Transforming information into supply chain agility: an agility adaptation typology
Purpose: The purpose of this paper is to investigate the mediators that occupy the gap between information processing theory and supply chain agility. In today’s Mach speed business environment, managers often install new technology and expect an agile supply chain when they press. This study reveals the naivety of such an approach, which has allowed new technology to be governed by old processes. Design/methodology/approach: This work takes a qualitative approach to the dynamic conditions surrounding information processing and its connection to supply chain agility through the assessment of 60 exemplar cases. The situational conditions that have created the divide between information processing and supply chain agility are studied. Findings: The agility adaptation typology (AAT) defining three types of adaptations and their mediating constructs is presented. Type 1: information processing, is generally an exercise in synchronization that can be used to support assimilation. Type 2: demand sensing, is where companies are able to incorporate real-time data into everyday processes to better understand demand and move toward a real-time environment. Type 3: supply chain agility, requires fundamentally new thinking in the areas of transformation, mindset and culture. Originality/value: This work describes the reality of today’s struggle to achieve supply chain agility, providing guidelines and testable propositions, and at the same time, avoids “ivory tower prescriptions,” which exclude the real world details from the research process (Meredith, 1993). By including the messy real world details, while difficult to understand and explain, the authors are able to make strides in the AAT toward theory that explains and guides the manager’s everyday reality with all of its messy real world details.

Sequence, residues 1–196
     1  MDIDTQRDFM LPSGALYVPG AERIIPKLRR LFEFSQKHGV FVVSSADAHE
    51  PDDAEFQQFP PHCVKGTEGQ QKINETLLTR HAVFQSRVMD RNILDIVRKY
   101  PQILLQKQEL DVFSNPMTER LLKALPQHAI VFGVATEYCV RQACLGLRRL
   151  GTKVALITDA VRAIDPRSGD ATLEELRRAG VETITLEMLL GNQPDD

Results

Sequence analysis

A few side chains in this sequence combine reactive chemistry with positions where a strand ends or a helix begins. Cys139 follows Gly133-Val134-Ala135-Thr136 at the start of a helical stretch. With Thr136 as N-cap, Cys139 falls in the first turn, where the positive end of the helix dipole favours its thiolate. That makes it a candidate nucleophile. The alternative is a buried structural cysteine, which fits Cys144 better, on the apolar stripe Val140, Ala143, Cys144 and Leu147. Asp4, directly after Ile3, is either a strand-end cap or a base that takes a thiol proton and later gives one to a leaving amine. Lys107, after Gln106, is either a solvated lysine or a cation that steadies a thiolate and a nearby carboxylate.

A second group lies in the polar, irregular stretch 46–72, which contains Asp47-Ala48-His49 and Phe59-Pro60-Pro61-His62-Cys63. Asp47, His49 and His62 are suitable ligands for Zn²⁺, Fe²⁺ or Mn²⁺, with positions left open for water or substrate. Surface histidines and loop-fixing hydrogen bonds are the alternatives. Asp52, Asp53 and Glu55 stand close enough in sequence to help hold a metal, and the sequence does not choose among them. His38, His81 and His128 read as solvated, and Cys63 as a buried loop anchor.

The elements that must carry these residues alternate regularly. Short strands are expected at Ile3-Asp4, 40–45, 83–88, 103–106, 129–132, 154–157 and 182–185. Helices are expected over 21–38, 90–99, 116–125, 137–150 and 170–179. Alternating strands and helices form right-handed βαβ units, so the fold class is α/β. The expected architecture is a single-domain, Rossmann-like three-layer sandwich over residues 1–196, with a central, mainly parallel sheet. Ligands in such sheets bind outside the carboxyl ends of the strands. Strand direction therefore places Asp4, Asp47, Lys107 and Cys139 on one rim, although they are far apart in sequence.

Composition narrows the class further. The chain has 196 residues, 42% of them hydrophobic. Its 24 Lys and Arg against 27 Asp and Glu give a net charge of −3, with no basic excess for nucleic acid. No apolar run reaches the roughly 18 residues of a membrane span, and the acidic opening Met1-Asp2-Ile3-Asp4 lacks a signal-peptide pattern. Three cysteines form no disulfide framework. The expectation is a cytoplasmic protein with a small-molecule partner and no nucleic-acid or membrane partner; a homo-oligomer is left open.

International Journal of Logistics Management
Digital Object Identifier (DOI)
Russell, Dawn M. and Swanson, David, "Transforming information into supply chain agility: an agility adaptation typology" (2019). UNF Faculty Research and Scholarship. 951.